Home Cameras/Lenses Leica The last rose of Summar

The last rose of Summar

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 The last rose of summer through 83-year-old optics
The last rose of summer through 83-year-old optics

The Leitz Summar: A lens which has an undeserved bad reputation among Leica collectors. I’m not entirely sure why so I am taking a look at some aspects of the Summar that may have been overlooked. As I now have eight Summars in my collection, I feel that I must say something on behalf of this wonderful lens.

The top photograph is of the Just Joey Rose in my back garden. It is one of my wife’s favourites as our grandson’s name is Joe. Apologies to rose lovers everywhere for taking a photo of a rose in its dying hours, but the object was to demonstrate the bokeh from my newly acquired Leica Rigid Summar (used on an M240 camera). Apologies also to all lovers of Thomas Moore’s Irish Melodies for appropriating the title of one one of his most famous works, which has been borrowed by many others ranging from Ludwig van Beethoven to Kanye West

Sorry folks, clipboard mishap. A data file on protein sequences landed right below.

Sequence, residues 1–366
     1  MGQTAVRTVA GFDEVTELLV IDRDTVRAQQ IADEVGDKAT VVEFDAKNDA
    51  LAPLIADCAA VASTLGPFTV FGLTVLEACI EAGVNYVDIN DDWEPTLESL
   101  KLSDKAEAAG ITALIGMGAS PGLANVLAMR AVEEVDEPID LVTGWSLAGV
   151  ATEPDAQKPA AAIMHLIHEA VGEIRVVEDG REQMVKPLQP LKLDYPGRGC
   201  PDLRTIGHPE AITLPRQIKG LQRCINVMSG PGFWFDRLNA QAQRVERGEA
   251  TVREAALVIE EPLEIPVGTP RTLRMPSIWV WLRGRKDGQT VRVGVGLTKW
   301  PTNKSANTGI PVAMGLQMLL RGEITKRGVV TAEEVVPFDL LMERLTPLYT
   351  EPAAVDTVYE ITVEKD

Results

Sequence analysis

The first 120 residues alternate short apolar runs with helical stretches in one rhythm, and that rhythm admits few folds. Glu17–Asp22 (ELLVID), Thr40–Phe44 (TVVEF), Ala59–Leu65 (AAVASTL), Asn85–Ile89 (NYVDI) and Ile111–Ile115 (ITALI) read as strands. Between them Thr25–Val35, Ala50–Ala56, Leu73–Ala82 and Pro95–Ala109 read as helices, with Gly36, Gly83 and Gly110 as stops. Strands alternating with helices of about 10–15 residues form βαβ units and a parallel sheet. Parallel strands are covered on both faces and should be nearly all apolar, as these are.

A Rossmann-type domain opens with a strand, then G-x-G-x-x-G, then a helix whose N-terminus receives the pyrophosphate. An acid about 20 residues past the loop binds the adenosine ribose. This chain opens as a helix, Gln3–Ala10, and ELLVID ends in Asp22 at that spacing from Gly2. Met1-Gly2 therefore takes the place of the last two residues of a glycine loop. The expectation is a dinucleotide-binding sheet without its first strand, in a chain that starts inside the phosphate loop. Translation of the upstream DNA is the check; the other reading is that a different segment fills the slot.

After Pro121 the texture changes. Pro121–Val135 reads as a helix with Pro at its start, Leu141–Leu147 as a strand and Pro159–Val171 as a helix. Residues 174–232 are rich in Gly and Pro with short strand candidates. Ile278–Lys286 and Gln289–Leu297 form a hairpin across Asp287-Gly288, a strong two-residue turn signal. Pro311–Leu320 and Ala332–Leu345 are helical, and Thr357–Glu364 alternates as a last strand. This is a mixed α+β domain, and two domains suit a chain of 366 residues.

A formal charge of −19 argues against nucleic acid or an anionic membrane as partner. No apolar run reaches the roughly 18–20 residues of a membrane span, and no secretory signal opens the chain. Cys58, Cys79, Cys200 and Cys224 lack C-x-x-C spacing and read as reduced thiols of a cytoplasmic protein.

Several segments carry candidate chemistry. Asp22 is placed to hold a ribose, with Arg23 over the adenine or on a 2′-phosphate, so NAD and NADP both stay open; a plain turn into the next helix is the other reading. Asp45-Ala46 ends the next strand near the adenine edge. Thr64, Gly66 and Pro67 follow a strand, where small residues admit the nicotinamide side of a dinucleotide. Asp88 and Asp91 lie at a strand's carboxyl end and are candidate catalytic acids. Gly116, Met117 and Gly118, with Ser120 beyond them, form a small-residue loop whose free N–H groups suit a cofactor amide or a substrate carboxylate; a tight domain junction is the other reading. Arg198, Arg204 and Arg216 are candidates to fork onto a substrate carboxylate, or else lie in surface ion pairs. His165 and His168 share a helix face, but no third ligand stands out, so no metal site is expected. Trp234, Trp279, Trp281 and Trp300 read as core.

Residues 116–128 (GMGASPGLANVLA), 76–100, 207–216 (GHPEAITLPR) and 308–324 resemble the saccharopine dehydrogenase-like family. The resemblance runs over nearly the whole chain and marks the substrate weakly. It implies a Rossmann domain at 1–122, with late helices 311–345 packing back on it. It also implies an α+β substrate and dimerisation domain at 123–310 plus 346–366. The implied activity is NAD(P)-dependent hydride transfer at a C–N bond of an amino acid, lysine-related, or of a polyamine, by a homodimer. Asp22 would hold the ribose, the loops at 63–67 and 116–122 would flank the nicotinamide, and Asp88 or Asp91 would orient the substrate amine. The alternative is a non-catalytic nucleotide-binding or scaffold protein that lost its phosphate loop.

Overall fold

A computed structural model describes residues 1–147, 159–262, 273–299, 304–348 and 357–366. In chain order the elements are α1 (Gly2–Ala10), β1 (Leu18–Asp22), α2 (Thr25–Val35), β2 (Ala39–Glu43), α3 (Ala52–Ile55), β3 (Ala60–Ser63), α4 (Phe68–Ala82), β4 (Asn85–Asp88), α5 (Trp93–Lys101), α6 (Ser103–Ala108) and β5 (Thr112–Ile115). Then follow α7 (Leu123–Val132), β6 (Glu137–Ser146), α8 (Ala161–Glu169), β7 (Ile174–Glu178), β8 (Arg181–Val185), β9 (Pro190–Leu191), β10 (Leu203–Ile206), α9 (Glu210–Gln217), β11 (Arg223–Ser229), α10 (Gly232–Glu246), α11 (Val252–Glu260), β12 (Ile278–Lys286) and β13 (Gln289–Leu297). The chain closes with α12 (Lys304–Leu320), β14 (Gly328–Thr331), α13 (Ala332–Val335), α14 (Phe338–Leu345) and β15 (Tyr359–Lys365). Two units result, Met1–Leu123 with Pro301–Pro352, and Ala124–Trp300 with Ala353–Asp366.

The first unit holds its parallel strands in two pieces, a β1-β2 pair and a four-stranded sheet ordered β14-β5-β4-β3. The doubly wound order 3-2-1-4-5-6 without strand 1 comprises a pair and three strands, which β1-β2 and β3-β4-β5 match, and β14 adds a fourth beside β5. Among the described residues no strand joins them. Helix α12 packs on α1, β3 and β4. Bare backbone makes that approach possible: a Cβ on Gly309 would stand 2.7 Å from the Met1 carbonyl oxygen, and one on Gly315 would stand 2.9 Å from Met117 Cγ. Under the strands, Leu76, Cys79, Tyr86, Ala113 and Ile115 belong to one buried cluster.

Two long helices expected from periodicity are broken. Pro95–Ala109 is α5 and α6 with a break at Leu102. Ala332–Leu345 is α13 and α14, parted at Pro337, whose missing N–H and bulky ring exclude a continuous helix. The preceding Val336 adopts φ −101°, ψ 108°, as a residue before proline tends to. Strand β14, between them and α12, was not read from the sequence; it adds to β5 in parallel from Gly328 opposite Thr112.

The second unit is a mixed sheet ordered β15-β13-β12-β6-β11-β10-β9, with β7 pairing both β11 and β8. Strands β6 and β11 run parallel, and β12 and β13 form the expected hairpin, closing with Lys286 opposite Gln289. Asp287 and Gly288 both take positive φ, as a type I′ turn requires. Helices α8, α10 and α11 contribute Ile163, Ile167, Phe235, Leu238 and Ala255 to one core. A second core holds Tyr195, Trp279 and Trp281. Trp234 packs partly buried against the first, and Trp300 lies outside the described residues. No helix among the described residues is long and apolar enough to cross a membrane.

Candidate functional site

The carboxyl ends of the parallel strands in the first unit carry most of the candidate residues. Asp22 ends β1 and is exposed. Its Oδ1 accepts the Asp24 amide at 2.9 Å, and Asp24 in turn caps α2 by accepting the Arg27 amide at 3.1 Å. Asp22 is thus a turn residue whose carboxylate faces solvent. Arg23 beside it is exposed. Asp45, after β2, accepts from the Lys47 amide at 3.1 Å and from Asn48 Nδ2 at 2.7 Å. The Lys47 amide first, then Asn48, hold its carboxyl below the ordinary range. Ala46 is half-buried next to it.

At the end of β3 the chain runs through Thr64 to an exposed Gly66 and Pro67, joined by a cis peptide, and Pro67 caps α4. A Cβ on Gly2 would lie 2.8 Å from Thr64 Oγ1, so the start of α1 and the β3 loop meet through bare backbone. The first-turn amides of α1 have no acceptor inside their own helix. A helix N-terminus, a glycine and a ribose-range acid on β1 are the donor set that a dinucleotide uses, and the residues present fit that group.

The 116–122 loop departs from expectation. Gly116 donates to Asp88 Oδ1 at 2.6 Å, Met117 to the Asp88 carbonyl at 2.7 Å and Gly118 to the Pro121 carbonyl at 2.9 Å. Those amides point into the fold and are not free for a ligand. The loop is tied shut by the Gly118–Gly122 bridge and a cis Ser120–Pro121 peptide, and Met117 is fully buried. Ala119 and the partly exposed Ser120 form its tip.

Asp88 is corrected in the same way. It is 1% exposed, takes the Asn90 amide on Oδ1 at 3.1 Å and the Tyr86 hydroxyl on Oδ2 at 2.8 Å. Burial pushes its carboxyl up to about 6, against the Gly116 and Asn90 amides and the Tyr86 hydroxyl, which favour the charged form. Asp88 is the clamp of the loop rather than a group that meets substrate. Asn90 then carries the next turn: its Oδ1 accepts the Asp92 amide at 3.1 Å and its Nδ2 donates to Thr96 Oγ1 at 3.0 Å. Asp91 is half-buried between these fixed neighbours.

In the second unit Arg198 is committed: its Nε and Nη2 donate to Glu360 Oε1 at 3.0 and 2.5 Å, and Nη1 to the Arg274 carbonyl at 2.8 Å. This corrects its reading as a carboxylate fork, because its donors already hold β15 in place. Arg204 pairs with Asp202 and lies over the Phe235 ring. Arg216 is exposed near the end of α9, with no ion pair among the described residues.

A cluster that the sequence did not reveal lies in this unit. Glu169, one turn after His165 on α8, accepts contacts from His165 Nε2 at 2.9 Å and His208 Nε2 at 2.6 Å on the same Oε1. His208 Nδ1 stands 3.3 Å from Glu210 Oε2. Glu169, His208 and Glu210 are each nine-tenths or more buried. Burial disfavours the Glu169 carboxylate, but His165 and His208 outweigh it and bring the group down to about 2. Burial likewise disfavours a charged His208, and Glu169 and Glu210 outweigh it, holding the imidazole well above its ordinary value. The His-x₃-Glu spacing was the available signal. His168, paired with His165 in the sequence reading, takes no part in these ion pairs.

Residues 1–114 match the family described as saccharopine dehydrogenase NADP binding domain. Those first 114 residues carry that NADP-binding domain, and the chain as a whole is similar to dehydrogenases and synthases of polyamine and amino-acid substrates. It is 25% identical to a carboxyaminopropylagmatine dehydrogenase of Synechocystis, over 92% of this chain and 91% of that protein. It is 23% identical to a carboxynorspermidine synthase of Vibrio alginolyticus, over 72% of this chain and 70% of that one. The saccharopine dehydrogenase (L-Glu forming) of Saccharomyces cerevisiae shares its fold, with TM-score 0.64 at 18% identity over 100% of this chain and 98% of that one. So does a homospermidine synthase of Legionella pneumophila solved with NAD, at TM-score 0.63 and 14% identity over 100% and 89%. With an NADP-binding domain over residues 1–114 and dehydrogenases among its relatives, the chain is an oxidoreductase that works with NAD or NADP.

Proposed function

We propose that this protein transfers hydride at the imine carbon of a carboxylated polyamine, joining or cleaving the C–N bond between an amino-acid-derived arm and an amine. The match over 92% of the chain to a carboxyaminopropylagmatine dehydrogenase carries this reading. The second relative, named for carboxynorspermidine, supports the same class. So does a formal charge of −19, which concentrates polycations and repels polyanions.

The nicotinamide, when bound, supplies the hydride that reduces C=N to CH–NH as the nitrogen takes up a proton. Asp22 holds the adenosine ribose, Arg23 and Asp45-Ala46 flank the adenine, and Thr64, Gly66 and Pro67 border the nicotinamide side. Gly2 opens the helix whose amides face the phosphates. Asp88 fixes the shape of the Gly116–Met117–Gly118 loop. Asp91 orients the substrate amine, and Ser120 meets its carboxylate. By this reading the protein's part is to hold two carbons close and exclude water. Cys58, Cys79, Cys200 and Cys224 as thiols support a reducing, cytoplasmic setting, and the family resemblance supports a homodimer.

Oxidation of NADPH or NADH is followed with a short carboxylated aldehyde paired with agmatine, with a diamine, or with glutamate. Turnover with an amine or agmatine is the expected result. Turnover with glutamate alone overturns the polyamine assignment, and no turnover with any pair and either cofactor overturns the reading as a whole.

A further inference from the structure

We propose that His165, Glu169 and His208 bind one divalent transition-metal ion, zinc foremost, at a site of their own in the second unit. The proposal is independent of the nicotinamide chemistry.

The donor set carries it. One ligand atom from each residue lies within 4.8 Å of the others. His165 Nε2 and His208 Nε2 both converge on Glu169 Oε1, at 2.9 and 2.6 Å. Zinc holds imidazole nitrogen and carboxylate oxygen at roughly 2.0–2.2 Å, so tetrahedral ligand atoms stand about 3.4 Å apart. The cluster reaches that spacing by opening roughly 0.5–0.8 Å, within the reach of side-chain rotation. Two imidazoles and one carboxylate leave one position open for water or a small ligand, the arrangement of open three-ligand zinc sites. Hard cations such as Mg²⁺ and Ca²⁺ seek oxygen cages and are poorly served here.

Like Moore’s composition, the Summar is not new. It was introduced in a rigid version in 1933 but this was rapidly replaced by the much more common collapsible design. Indeed, people who had the rigid version could get their lens “upgraded” to the collapsible version. Since around 2,000 of the rigid version were produced and, with the upgrade programme as well, they are now quite rare and fetch many times the price of the collapsible lens in the collector market. By comparison over 120,000 examples of the collapsible version were produced.

Soft glass

The Summar was Leica’s first f/2 lens. It has six elements but the front one has quite soft glass which was prone to scratching when cleaned (with the photographer’s tie, perhaps). Hence there are quite a few examples around which are not in such good condition and the lens has got an unjustifiable ‘bad rap’. I mentioned in an article on this site about auctions and collecting some time ago that I had an ‘accidental collection’ of Summars which included at least five out of the ten variants listed by Paul-Henry van Hasbroeck in his book Leica: A History illustrating every Model and Accessory.